Schizophrenia
Differential Diagnosis:
- infectious diseases -- neurosyphilis -- HIV-1 -- cerebral abscesses -- Creutzfeldt-Jakob disease

Schizophrenia
Differential Diagnosis:
- miscellaneous -- multiple sclerosis -- heavy metal poisoning -- seizure disorder -- substance abuse

Schizophrenia
Differential Diagnosis:
- medications corticosteroids (psychosis/mania) levodopa (hallucinations/insomnia) antidepressants (mania) interferon-alpha (depression) beta-blockers (depression)

Schizophrenia
Disease Course:
- initial signs may appear as weird changes in normal behavior - acute -- onset of severe psychotic sx - psychosis -- state of mental impairment marked by hallucinations and/or delusions

Schizophrenia
Disease Severity:
- single -- only one episode - mild/moderate -- many episodes over lifetime with relatively normal during interims - chronic -- continuous or recurring -- often do not fully recover -- typically require long-term tx

Schizophrenia
Chronic Disease Treatment:
- some patients completely recover - many must be institutionalized - medication treatment -- 70% of patients respond well -- 15% moderately improve but still require support -- 15% have no response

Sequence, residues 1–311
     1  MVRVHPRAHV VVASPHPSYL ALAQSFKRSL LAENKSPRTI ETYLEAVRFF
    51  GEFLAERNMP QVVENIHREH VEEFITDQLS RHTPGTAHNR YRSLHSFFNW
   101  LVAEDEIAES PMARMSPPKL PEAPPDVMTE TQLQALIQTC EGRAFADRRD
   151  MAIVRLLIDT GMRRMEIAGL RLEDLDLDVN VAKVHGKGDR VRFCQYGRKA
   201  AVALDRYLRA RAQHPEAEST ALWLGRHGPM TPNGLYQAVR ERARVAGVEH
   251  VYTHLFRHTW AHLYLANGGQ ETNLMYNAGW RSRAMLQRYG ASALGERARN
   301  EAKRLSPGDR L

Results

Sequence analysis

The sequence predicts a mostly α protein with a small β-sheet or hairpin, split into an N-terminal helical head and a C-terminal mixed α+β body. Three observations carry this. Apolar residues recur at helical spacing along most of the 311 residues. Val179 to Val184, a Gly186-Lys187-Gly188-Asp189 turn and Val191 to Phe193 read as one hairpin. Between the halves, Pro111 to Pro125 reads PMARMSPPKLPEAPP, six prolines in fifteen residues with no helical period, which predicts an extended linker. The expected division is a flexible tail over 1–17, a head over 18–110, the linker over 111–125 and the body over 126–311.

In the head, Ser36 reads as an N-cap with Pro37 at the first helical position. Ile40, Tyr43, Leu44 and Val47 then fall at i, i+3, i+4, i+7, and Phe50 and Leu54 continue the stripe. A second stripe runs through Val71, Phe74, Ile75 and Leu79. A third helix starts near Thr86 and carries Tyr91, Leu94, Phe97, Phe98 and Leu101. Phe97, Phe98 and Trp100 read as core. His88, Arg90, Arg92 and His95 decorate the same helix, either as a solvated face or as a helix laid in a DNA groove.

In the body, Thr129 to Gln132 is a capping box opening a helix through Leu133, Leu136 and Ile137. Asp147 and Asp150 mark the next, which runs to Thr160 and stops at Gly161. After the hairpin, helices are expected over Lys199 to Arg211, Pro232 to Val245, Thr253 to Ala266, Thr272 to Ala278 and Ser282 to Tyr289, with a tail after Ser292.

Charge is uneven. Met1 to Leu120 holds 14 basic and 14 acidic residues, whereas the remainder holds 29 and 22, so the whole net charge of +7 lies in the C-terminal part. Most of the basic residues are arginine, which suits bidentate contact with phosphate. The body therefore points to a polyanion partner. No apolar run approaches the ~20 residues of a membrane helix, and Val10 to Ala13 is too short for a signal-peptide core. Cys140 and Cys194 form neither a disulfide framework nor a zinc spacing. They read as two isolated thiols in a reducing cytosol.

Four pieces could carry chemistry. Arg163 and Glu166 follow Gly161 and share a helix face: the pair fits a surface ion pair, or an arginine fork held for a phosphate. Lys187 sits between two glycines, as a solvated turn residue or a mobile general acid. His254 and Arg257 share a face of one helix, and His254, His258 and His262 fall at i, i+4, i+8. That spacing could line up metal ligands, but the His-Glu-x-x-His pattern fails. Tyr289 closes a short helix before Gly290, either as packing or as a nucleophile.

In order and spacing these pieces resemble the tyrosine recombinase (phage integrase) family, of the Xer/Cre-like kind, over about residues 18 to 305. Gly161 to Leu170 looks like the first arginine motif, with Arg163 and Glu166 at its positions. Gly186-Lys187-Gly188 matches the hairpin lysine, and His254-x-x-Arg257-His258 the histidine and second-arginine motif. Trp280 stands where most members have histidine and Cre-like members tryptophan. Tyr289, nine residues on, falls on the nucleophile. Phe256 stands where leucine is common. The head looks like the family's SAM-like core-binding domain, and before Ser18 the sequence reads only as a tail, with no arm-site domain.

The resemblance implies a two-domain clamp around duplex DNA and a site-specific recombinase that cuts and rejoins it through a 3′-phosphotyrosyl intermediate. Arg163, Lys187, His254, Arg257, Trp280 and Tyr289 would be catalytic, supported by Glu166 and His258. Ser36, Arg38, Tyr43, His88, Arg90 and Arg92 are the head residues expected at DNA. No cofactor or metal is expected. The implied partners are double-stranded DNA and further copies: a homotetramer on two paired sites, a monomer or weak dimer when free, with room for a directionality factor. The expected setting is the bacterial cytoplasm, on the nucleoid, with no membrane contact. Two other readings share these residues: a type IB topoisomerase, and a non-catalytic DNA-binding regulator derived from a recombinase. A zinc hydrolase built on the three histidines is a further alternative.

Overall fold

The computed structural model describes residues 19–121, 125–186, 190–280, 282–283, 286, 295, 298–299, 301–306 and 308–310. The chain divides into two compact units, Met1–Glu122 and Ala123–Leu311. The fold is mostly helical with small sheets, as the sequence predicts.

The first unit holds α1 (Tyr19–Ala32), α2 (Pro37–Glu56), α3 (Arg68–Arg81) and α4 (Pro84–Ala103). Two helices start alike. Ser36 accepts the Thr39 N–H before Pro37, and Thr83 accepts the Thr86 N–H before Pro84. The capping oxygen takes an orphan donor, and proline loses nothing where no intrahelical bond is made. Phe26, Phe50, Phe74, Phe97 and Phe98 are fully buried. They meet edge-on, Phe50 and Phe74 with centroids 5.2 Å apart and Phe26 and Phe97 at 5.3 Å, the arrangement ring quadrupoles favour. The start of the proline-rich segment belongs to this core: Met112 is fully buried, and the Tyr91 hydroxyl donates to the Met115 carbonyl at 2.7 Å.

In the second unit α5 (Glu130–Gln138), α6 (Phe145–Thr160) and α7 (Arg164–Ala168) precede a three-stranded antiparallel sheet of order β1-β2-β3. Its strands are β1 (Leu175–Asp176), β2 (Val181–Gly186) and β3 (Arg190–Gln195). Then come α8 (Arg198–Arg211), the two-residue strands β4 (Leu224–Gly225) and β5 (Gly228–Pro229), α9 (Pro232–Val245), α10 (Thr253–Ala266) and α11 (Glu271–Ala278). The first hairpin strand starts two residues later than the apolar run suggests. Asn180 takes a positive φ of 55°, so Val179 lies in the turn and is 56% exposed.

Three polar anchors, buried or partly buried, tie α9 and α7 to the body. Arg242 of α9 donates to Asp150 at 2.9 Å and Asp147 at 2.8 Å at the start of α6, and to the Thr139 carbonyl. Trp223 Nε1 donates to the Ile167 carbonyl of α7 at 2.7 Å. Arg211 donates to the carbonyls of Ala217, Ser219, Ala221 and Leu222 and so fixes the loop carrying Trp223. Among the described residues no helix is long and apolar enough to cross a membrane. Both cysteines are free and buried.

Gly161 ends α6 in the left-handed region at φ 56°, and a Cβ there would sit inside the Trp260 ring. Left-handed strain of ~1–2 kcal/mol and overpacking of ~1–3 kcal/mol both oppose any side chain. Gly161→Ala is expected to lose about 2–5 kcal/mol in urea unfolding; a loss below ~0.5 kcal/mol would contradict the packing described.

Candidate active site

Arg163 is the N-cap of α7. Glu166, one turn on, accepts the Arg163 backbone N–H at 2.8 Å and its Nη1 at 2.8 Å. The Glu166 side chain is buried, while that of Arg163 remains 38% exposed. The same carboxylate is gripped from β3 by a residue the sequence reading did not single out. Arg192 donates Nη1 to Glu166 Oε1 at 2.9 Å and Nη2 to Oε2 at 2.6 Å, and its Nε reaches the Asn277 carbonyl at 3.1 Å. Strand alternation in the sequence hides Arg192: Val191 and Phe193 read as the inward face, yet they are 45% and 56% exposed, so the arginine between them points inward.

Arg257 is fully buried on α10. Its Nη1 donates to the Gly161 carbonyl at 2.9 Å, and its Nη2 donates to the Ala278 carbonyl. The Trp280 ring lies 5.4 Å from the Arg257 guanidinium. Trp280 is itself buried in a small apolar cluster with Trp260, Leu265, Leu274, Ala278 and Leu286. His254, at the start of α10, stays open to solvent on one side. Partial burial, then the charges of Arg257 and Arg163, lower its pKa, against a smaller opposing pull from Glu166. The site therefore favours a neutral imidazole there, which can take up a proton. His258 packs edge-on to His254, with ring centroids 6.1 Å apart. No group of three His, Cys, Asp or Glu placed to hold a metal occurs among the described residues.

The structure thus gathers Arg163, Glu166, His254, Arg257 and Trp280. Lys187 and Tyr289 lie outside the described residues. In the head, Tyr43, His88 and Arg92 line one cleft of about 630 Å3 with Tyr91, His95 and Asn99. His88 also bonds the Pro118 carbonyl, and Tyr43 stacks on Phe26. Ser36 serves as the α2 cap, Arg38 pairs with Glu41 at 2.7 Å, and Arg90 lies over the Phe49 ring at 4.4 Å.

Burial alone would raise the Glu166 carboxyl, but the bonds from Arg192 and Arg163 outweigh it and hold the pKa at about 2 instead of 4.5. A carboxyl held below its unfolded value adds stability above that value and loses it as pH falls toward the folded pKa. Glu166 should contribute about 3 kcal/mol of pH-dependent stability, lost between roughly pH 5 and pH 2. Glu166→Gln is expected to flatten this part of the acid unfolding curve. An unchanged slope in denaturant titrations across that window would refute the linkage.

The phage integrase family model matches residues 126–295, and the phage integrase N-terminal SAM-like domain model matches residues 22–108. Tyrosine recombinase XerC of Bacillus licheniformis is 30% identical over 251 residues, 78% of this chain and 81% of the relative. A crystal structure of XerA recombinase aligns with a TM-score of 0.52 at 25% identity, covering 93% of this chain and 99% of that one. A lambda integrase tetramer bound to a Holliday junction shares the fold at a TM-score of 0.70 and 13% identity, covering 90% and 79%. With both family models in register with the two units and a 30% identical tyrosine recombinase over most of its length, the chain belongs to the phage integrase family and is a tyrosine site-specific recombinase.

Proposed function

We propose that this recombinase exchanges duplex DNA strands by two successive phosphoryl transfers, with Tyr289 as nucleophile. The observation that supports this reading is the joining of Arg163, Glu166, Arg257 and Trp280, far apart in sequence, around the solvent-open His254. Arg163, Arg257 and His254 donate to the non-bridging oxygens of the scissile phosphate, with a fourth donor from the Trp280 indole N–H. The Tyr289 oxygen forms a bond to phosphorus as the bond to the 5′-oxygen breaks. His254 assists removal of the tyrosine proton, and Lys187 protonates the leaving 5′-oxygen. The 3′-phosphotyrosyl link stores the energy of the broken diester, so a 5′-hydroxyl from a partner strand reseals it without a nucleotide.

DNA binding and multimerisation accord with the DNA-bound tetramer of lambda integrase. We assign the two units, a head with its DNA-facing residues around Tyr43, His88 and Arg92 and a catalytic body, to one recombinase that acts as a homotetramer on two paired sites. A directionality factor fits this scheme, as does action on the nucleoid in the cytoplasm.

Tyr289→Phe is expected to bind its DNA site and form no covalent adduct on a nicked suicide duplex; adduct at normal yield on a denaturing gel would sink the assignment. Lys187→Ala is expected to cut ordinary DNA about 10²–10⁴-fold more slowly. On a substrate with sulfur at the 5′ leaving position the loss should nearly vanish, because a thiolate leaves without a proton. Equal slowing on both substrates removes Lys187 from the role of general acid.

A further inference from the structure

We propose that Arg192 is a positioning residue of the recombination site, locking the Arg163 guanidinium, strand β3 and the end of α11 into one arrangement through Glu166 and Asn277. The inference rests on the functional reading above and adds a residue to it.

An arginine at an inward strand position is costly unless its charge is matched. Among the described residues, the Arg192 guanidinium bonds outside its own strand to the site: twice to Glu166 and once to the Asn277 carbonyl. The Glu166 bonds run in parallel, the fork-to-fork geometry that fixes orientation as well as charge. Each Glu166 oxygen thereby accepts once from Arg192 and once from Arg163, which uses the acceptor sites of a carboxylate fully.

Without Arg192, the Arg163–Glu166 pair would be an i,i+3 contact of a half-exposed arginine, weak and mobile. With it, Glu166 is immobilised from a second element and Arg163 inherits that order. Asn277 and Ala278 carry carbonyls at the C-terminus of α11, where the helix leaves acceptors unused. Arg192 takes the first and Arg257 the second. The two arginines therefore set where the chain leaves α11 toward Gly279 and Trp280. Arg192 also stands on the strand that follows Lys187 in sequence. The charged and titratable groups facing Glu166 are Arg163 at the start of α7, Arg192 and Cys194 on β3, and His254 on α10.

Schizophrenia
Disease Treatment:
- supportive therapy -- social work, family counseling -- vocational rehabilitation - hospitalization -- brief in-patient to stabilize - out-patient care -- alcohol and drug abuse -- depression -- medication non-compliance

Schizophrenia
Disease Treatment Phases:
- acute phase -- alleviate/reduce acute symptoms -- assessment -- treatment setting -- psychiatric management -- initiate medication

Schizophrenia
Disease Treatment Phases:
- stabilization phase -- minimize stress and relapse - stable/maintenance phase -- assessment -- psychiatric management and specific psychosocial treatments -- monitoring medications -- early intervention

Schizophrenia
Medication Adherence/Relapse:
- up to 75% of patients don't take their medication regularly or stop treatment altogether - ~80% relapse within one year if medications are stopped - only 20% relapse if continually treated

Schizophrenia
Medication Classes:
- classic antipsychotics -- haloperidol (Haldol) -- droperidol (Inapsine) -- fluphenazine (Prolixin) -- thioridazine (Mellaril) -- chlorpromazine (Thorazine) - a.k.a.; "neuroleptics, due to potential for inducing neurological side effects

Schizophrenia
Medication Classes:
- atypical antipsychotics -- Clozapine (Clozaril) -- Risperidone (Risperdal) -- Olanzapine (Zyprexa) -- Quetiapine (Seroquel) -- Ziprasidone (Geodon) -- Aripiprazole (Abilify) - a.k.a.; SDAs -- serotonin-dopamine antagonists -- pleiotropic pharmacology

Schizophrenia
Medication Classes:
- therapy adjuncts -- pimozide (Orap) -- divalproex (Depakote) -- carbamazepine (Tegretol) -- lithium -- anticholinergics -- benzodiazepines (BZDs) -- antidepressants -- ECT

Schizophrenia
Classical Antipsychotic Side Effects: (a.k.a.; EPS: Extrapyramidal Side Effect)
- akathisia (restless leg) - dystonia - hyperprolactinemia - akinesia & Parkinsonism-like sx - weight gain - anticholinergic adverse effects